Pavlovsky said the ANDAM prize, which will be awarded at a ceremony on June 30, was key to restoring Paris’s reputation as a fashion capital. “Our ambition is really to look for the best to promote both ANDAM and Paris and that necessarily leads us to be super international,” he said.
“It would be great to have seven French candidates. The reality today is that design is extremely broad, cosmopolitan and international. It draws inspiration from all cultures, from all continents, so it is important that the ANDAM price reflects this as well,” he added.
Both noted that this year’s finalists shared a trend towards timeless designs, in line with their generation’s growing demand for ethical and sustainable production.
“There is a return to a certain classicism and to the idea of wardrobe construction. We see less political commentary, less effort to use clothes as vehicles for slogans or ideas. Instead, the focus is on exploring more deeply the primary function of the garment and the quality of the materials. In that sense, I found this selection quite mature,” said Dufour.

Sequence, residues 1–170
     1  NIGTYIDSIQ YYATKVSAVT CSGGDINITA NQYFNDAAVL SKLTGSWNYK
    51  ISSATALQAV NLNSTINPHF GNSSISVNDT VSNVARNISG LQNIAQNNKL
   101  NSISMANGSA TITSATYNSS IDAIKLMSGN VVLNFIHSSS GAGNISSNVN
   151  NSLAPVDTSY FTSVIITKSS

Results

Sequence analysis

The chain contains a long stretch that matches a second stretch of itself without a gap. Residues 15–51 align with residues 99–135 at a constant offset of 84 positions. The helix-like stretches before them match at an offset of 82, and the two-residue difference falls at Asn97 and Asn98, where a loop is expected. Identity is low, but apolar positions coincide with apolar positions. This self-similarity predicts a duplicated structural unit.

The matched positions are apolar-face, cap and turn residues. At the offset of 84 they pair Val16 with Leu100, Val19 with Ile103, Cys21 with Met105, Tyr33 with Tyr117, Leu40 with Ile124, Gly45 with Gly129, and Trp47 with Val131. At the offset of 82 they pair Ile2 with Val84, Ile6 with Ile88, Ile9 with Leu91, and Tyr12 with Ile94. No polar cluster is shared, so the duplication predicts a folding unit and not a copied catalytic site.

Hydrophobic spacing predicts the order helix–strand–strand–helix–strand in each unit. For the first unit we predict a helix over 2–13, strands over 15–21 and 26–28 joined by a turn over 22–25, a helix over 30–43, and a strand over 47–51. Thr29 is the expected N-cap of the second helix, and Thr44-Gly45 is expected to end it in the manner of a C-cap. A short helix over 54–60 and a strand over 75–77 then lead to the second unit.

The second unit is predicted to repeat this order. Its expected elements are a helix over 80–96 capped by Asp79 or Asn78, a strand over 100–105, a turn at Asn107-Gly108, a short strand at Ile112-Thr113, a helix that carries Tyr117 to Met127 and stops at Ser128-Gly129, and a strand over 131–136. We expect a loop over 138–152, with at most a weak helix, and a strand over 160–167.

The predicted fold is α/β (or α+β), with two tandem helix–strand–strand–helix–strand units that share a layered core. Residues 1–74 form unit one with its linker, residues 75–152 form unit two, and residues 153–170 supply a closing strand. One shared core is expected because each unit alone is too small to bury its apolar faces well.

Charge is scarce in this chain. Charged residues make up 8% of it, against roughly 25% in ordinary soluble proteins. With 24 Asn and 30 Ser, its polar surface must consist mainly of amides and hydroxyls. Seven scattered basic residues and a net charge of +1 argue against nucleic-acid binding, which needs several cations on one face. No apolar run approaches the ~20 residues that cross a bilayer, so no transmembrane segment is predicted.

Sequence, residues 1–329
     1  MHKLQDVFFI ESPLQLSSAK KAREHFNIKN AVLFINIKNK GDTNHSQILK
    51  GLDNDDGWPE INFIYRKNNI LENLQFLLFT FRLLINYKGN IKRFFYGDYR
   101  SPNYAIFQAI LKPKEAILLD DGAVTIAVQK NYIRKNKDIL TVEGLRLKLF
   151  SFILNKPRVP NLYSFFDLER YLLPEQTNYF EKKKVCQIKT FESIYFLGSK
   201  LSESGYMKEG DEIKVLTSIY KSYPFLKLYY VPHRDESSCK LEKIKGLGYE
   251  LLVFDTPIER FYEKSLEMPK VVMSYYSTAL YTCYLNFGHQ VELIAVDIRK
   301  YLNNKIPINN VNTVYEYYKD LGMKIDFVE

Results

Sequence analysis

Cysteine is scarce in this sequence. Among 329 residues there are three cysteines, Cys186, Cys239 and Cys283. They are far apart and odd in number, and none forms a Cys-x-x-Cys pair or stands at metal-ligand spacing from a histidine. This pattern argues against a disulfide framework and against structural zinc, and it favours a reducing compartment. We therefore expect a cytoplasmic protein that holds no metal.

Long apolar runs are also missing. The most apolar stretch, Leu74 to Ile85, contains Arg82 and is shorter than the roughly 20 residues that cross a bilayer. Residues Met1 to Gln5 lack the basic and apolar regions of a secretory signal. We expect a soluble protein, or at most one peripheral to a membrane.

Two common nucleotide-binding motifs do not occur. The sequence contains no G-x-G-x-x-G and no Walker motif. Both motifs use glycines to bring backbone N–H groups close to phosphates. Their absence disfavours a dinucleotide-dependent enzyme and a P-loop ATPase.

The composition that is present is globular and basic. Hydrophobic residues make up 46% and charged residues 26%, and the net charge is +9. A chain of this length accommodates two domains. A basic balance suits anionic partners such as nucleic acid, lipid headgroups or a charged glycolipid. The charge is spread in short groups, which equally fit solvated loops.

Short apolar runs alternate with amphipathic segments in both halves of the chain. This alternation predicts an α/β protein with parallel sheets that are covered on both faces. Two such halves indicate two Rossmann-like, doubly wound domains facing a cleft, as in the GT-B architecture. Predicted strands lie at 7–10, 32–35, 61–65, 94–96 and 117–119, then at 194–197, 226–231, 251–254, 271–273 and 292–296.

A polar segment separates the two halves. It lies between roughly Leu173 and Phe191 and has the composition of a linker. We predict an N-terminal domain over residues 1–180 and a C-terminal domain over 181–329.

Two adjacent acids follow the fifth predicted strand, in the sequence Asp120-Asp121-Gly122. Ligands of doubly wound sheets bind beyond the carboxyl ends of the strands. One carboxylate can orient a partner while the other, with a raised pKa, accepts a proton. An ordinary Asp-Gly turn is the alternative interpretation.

Pavlovsky, who previously mentored 2015 ANDAM winner Stephane Ashpool of streetwear brand Pigalle Paris, said he will put even more emphasis on environmental concerns this time around.
“These are brands that, if they adopt good habits from the start, can produce sustainably. It is difficult for established brands to change and evolve. As part of my mentorship, I will discuss with winners how to start doing this from their current position. I think that’s the key to tomorrow’s fashion,” he said.
The award’s mentorship has also adapted to reflect today’s rapidly changing digital landscape, with the arrival of Instagram and Mytheresa.com as sponsors, offering this year’s winners the possibility of tapping into a digitally aware braintrust to refine their communication and distribution strategies.